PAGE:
and photograph whatever he saw. I loved the idea that you could travel through his eye. But what brought things closer to home was Lartigue's work, when he was photographing his family and his life and friends. And one of the heaviest influences, besides Lartigue, would have to be my own family pictures. I come from a large family, six kids; my father was in the Air Force, and we traveled throughout the United States. The family was always reinforced by pictures. When we looked at the family album it would be, "Oh, that was in Alaska. Here we were in Colorado. Here we were in Texas." And that personal closeness I certainly have incorpo-
So the only thing that would make
very posterlike effect. In a strange way, you almost had make the color look like black and white. So I
developed a very graphic use of form and color just to survive the printing process.
And then about the New York, we went to
time Rolling Stone moved to
to a Hasselblad because the size
a larger format cover
the process of solving these technical problems for
Rolling Stone affect the content of what you were shooting?
found that it was more powerful to use one picture lot more information than doing a bunch of small pictures I was using less space to say more about someone. It's a more formal approach to a person. In other words, instead of spending three days with someone, snapping a lot of snaps that seem to dissipate you, I really try to accumulate it all into one picture. I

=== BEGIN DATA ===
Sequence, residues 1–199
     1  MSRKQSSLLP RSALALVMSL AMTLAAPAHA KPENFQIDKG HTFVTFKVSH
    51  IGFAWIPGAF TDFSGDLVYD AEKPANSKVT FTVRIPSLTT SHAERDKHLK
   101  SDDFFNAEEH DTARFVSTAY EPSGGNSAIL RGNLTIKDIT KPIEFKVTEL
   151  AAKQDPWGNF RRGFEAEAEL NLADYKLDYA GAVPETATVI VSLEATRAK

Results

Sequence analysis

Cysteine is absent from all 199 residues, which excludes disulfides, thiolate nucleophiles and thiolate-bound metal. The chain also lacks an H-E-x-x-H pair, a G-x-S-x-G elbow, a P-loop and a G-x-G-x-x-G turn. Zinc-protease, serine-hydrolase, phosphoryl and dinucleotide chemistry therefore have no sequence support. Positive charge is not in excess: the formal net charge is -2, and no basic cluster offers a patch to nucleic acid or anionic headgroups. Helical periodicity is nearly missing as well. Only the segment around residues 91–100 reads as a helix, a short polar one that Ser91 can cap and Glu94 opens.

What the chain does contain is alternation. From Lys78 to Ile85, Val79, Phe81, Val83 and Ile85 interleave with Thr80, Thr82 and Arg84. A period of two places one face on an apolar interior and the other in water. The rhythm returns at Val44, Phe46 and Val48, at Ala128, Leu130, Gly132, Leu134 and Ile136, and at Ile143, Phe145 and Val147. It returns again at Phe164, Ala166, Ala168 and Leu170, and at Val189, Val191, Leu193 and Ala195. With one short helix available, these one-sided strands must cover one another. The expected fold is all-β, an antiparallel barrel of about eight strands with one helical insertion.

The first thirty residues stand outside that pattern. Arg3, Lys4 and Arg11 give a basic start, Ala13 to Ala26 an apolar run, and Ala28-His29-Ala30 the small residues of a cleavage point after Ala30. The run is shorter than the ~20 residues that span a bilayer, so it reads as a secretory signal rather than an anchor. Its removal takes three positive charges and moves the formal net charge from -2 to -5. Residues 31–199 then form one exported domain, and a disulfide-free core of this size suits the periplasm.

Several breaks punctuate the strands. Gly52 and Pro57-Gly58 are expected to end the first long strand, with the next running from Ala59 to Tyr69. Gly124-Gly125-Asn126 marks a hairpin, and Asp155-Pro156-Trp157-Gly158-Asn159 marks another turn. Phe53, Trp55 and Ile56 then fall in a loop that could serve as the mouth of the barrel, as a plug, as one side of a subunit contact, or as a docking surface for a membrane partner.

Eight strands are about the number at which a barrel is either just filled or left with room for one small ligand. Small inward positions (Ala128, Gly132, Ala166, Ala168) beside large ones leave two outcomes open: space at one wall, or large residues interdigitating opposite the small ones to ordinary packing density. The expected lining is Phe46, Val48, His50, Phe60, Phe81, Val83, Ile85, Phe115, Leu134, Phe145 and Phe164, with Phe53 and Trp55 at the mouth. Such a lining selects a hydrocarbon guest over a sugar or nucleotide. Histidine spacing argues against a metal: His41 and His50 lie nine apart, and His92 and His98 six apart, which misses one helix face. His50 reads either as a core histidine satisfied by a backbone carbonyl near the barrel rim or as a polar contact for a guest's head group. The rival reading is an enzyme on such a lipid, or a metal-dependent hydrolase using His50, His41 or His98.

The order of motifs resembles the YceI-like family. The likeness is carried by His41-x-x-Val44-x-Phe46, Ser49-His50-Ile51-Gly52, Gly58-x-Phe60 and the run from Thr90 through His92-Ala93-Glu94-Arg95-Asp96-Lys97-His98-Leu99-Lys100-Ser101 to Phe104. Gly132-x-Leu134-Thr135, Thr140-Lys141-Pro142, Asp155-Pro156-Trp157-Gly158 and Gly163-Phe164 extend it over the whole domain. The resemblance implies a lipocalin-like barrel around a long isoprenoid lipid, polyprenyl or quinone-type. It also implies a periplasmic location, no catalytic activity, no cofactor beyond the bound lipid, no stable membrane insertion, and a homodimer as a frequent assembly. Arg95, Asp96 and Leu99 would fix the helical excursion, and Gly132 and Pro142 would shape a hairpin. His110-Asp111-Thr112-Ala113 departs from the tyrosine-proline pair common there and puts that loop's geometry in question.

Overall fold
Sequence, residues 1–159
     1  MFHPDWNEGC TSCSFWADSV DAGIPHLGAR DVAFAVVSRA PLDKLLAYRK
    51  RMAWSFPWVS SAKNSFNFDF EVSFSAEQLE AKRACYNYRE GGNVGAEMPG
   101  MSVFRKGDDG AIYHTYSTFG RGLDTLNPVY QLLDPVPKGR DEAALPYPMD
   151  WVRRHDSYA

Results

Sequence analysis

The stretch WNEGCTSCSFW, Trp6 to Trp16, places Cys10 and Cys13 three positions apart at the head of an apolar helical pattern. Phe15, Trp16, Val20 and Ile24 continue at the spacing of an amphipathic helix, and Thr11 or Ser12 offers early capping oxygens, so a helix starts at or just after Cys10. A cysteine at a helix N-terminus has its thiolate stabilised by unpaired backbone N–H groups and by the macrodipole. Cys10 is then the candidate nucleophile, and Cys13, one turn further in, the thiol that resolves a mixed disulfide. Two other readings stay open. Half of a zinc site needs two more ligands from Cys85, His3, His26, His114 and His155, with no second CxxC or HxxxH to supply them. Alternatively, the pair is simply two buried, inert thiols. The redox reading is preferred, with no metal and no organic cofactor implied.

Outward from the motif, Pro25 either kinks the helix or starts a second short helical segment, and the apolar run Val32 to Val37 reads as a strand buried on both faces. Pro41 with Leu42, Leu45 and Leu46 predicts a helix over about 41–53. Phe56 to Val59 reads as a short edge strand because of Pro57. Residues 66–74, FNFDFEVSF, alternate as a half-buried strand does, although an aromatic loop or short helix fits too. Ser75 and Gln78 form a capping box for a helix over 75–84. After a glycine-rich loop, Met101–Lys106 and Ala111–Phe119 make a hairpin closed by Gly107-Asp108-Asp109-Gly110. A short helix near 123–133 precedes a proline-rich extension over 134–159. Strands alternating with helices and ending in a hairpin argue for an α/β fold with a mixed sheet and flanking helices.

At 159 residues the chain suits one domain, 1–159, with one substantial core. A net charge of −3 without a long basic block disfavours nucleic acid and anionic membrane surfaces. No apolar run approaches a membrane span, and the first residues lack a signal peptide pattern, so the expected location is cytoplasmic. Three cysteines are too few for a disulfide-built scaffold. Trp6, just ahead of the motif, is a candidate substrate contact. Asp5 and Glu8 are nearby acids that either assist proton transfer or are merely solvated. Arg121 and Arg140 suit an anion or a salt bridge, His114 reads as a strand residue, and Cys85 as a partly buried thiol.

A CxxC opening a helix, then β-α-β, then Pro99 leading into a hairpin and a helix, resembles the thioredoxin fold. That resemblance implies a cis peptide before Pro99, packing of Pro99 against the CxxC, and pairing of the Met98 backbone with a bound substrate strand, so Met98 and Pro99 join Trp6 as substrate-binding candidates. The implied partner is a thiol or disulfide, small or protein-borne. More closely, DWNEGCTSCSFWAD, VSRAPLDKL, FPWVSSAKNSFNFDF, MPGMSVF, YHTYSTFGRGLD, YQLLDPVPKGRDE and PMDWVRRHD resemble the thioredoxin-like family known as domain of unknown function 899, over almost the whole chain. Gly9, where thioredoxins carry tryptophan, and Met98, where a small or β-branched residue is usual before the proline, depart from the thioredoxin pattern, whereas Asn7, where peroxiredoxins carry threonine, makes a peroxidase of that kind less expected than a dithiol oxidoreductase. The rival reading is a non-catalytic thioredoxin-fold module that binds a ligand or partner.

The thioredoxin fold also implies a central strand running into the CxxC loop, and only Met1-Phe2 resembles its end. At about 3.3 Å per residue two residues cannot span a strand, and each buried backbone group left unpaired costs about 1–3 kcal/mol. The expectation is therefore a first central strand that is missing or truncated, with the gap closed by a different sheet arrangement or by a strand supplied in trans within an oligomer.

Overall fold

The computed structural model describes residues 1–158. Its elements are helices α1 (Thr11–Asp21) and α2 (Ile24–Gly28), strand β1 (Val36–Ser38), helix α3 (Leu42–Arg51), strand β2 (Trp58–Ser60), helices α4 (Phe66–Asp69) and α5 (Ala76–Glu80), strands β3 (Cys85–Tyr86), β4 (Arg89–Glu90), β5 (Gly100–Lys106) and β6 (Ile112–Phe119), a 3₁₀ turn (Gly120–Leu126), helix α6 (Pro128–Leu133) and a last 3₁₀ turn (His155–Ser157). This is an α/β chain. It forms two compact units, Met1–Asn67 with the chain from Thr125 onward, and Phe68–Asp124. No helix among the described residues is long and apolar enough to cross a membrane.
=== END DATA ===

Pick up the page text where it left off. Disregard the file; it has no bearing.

not a retrospective,
work, your portrait pictures, don't
Yeah. Bea Feitler, the designer
pushed myself into journalism because thought a photographer did when I joined Rolling Stone. That's what I had to be at the beginning of my career I still think I'm a good photojournalist, it's just that sometimes if you have your eye behind the camera all the time, you miss the most important
look at your old work.
The portrait work now is really important know who for, that's the biggest problem I'm
keep thinking this stuff is dissolves, unless you put it in a
having. In the long run just chemistry
special vault or something.
jump, from getting a job at Rolling Maybe we shoidd back did your interest in portrait work evolve
Well, that's a big
Stone up. I
started to realize that the cover of the magazine was
blank space, this canvas, that had problems of its own, and I really started to enjoy shooting the cover this
When was I
this? to color
was very scary. I was glad came from a school of black and white because change to
learned to look at things in tones, highlights.
your most recent
looking at these
worked with for seven
that to learn, you have to
Bea was the most important time I started this book, and
what she said was true. When I looked at the photographs together, I suddenly realized what it was I was doing, what all my work over the last twelve years had evolved to, the style. For the first time I had an identity about
an accumulation of what I've It's a very simple fact most portrait photographers today come from a background of fashion, and I'm one of the few photographers of my generation who come from a background of journalism. And that is the biggest difference, in a nutshell. That is the difference between my work and your Scavullo or your Avedon or your anyone else. I've had a good, solid background in journalism, and I've gone into this portrait work and I've applied it, and it's as simple as that. I don't think Basically this book
learned, based on journalism.
when Rolling Stone went
you see influences from your whole